Livin’ on Island Time

I mentioned in our last post that Mr. N is studying landforms in school. This weekend he had to put together a model of his chosen landform. Knowing that most of the kids would likely choose a volcano, Mr. N did the next best thing, an island – with a volcano.

And with islands on his mind, he also knew that he wanted to pick a “piece of land with water on all sides” for his next international cooking selection. Now when Mike and I think islands we think of the Bahamas, Hawaii, French Polynesia… Mr. N however surprised us with a country that’s not just one island, but one that’s home to 94 million people and comprised of 7,107 islands – the Philippines.

A quick search of Filipino cuisine and it was clear that Chicken Adobo is a popular recipe and was going to be our first selection. Raymund at Ang Sarap has a great explanation/history of Adobo here as well as a number of other delicious Filipino recipes. You can bet we’ll be reading up on several of his recipes these next few weeks.

For our version of Chicken Adobo, we adapted a recipe we came across at the Los Angeles Times. We started by peeling off 12 whole cloves of garlic.

We then gathered the remaining ingredients including apple cider vinegar and soy sauce,

and ground black pepper and bay leaves.

This recipe really couldn’t be easier. All of the above ingredients are tossed into a stock pot or large skillet along with chicken. We chose skinned and boneless chicken thighs for our version. Mr. N took care of adding the ingredients for us, including tossing in the garlic (literally).

He also poured the cider and soy sauce over the chicken before we covered it.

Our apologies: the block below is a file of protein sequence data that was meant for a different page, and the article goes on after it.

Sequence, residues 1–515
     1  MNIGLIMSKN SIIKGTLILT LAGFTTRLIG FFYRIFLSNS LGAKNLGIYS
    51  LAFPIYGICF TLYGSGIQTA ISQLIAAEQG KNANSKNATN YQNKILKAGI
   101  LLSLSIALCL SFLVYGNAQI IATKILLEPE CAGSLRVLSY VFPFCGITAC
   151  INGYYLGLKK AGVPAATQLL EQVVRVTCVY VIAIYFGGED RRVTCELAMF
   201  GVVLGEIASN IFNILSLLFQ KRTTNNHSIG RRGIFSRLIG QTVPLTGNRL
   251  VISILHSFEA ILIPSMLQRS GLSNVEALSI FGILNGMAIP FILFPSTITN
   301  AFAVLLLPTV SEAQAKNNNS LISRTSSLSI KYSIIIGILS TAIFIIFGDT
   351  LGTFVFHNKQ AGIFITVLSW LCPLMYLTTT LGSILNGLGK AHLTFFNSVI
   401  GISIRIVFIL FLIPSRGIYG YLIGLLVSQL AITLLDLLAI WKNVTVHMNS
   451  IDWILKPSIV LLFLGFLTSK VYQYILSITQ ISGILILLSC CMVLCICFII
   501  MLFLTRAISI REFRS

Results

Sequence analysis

We let the mix sit in the fridge for a few hours and then brought it to a boil over medium-low heat.

Once boiling, we covered the chicken and simmered it for 25 minutes. We then uncovered the pot and simmered for another 5 minutes at which point we removed the chicken from the sauce. We cooked the sauce down to about a cup.

Mike strained the sauce for us.

And we then tossed the chicken and sauce back into a pan to heat and coat.

I was unsure how this dinner was going to go. Mr. N was hovering the kitchen and kept asking if it was time to eat yet because it smelled really good. Miss A, on the other hand, came to the kitchen and asked what smelled stinky. Fortunately the meal went off pretty darn well. We served our chicken adobo over a barley, instead of rice, and tossed in some sautΓ©ed mushrooms, onions and toasted cashews.

This was a very intensely flavored dish, much more toward the savory side than the other Asian dishes we’ve done. The soy sauce was the predominant flavor, which left Mr. N a little confused. He initially really liked the chicken, but the more it built on him, the more he slowed down. He ended up not finishing his chicken. He said he liked it but just couldn’t eat too much soy and ultimately came in at 2-1/2 to 3 spoons.